This isn’t an essay about how to stay Christian in college. These are just a couple of thoughts I’ve had today while looking back over our family’s history and realizing that some basic church activities can help prepare a young adult for the academic end of college. Even just learning to sit still and pay attention to a pastoral message trains a child in a great academic skill for any incoming Freshman.
Our children usually attended the main adult service every week in addition to various youth activities. During the service, everyone in our family had a small spiral notebook and we all took notes throughout the pastor’s sermon. After church, we’d sometimes review our notes to see if we got different things from the message, but mainly our notebooks were just for our own use. A record of our spiritual growth and teachings we’d received.
By getting into the habit of taking written notes when someone was imparting information, our children were in the habit and well-experienced at notetaking by the time they began their college studies. They knew what things to write down, they knew how to identify key points, and they knew to record their own thoughts and feelings while listening.
As someone who returned to college later in life, I can attest to the fact that notetaking is a lost skill for most college and university students. Even in my Master’s program, it was only about half the students in our cohort who took notes regularly. Developing the habit of taking notes from oral presentations (ie: pastor’s sermons) will prepare your child for the important skill of notetaking in the classroom.
Learning to read and study the Bible in depth can help to prepare young college students for reading their textbooks and other academic literature. As they reached their teens, my children attended adult Bible studies with me. If you decide to include your teen in your Bible study, be sure to ask the study leader if teens are allowed so you don’t have any rude surprises when you show up with your teen. I know this one from experience.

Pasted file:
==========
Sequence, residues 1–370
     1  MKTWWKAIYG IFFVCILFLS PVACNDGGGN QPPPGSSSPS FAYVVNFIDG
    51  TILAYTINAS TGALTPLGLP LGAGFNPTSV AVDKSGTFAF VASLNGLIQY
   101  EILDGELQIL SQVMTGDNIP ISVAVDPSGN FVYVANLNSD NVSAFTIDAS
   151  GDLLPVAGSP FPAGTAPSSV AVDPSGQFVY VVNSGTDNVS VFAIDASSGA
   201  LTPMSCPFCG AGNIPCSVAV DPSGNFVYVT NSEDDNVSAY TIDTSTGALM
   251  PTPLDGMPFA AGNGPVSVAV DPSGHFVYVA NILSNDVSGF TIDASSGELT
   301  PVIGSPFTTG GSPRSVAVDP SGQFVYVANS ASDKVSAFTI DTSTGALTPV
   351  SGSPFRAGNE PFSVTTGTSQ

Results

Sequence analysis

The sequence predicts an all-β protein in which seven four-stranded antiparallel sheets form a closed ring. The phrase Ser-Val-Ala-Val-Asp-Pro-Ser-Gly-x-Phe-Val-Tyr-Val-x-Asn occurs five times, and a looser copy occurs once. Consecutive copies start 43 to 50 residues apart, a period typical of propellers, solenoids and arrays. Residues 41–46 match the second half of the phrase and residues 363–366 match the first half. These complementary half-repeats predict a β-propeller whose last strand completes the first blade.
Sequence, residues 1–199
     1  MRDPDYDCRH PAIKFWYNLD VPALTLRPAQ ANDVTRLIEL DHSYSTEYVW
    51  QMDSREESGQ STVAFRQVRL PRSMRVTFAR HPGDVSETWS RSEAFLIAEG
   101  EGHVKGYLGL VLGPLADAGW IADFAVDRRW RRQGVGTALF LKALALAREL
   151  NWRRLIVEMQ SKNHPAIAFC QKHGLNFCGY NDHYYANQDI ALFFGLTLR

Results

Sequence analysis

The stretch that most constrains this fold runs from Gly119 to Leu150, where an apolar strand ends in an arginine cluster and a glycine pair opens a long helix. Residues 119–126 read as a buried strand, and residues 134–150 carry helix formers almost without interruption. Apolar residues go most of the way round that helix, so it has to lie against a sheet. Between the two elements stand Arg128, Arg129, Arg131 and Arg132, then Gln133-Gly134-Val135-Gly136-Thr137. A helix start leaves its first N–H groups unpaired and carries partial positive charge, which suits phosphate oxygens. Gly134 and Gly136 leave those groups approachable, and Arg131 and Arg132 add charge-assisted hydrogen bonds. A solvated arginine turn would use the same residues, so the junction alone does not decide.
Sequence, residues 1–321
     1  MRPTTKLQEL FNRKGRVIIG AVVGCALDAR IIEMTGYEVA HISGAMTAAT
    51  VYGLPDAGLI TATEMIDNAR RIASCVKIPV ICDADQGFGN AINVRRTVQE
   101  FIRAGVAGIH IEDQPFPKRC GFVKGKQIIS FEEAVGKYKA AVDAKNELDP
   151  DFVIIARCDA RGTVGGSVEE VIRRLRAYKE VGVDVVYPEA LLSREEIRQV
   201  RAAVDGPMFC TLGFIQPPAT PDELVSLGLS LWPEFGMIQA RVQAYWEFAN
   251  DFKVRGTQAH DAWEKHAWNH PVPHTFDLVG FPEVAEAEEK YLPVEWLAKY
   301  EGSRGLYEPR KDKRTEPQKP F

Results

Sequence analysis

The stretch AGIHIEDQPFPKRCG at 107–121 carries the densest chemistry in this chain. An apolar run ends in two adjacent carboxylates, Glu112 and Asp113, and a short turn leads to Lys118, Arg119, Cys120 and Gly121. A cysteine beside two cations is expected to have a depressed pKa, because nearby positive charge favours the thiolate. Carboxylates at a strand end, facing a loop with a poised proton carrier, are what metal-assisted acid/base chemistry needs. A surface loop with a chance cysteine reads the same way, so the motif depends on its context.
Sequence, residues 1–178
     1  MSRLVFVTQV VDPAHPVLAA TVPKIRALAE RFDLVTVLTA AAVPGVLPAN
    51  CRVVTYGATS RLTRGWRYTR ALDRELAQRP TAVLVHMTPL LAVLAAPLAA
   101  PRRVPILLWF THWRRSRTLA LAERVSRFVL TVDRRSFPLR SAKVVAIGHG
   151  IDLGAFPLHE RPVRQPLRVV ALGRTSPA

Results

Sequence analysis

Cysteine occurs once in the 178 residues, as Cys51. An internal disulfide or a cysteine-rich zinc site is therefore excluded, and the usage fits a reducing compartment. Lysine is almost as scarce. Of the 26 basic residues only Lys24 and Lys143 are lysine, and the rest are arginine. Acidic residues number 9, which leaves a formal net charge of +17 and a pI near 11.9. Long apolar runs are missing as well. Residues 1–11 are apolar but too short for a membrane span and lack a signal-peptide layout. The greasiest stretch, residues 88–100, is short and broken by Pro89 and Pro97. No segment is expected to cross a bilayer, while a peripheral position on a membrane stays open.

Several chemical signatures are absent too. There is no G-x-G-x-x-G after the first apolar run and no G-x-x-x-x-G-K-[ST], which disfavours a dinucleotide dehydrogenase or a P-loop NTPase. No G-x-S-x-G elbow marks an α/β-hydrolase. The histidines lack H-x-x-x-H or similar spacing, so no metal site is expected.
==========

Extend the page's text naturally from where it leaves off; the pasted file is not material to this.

I found that most teen and youth Bible studies were dumbed down (twaddle) to the point where my children, who had great interest in studying the Bible, just found it boring and pointless. Our church at the time offered a co-ed Precept study group which allowed teens, so that’s the one we attended. Not only was it good experience for studying, it also provided a classroom-style instruction time which was helpful for preparing for that first quarter of college.
My children had never been in a classroom setting before starting higher education, but I believe their time in unofficial school-style settings like Bible studies and church services (lectures) helped prepare them for success in that area. There was an adjustment period, but it only lasted for a brief time.
If your family attends church and your children are college-bound, don’t miss out on these simple opportunities to further prepare your children for college.